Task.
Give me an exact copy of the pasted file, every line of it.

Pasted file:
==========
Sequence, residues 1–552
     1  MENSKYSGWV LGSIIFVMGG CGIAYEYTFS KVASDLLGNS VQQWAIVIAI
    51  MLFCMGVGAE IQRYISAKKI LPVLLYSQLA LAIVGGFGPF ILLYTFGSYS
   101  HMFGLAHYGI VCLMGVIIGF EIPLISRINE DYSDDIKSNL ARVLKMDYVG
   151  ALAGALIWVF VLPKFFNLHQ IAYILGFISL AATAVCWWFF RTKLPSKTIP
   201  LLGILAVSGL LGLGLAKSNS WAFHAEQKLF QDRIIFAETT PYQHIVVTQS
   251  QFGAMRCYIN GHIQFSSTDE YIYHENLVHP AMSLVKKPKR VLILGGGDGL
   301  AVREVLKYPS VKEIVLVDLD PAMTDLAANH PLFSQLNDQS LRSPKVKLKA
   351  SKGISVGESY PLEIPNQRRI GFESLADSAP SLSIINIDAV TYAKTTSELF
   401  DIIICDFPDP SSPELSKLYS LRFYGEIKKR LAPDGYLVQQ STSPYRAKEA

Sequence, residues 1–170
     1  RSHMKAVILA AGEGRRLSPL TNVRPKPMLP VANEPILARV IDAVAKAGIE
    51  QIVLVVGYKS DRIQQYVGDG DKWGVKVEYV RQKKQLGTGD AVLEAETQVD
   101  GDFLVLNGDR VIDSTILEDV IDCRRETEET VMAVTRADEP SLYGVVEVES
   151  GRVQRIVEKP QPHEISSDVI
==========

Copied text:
Sequence, residues 1–552
     1  MENSKYSGWV LGSIIFVMGG CGIAYEYTFS KVASDLLGNS VQQWAIVIAI
    51  MLFCMGVGAE IQRYISAKKI LPVLLYSQLA LAIVGGFGPF ILLYTFGSYS
   101  HMFGLAHYGI VCLMGVIIGF EIPLISRINE DYSDDIKSNL ARVLKMDYVG
   151  ALAGALIWVF VLPKFFNLHQ IAYILGFISL AATAVCWWFF RTKLPSKTIP
   201  LLGILAVSGL LGLGLAKSNS WAFHAEQKLF QDRIIFAETT PYQHIVVTQS
   251  QFGAMRCYIN GHIQFSSTDE YIYHENLVHP AMSLVKKPKR VLILGGGDGL
   301  AVREVLKYPS VKEIVLVDLD PAMTDLAANH PLFSQLNDQS LRSPKVKLKA
   351  SKGISVGESY PLEIPNQRRI GFESLADSAP SLSIINIDAV TYAKTTSELF
   401  DIIICDFPDP SSPELSKLYS LRFYGEIKKR LAPDGYLVQQ STSPYRAKEA

Sequence, residues 1–170
     1  RSHMKAVILA AGEGRRLSPL TNVRPKPMLP VANEPILARV IDAVAKAGIE
    51  QIVLVVGYKS DRIQQYVGDG DKWGVKVEYV RQKKQLGTGD AVLEAETQVD
   101  GDFLVLNGDR VIDSTILEDV IDCRRETEET VMAVTRADEP SLYGVVEVES
   151  GRVQRIVEKP QPHEISSDVI